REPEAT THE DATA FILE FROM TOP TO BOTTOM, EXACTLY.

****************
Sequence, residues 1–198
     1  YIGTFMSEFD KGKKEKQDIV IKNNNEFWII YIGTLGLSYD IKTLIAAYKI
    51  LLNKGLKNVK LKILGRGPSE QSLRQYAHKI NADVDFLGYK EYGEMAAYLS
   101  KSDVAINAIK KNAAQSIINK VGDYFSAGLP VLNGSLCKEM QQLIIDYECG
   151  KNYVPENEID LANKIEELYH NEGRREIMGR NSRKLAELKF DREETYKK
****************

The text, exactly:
Sequence, residues 1–198
     1  YIGTFMSEFD KGKKEKQDIV IKNNNEFWII YIGTLGLSYD IKTLIAAYKI
    51  LLNKGLKNVK LKILGRGPSE QSLRQYAHKI NADVDFLGYK EYGEMAAYLS
   101  KSDVAINAIK KNAAQSIINK VGDYFSAGLP VLNGSLCKEM QQLIIDYECG
   151  KNYVPENEID LANKIEELYH NEGRREIMGR NSRKLAELKF DREETYKK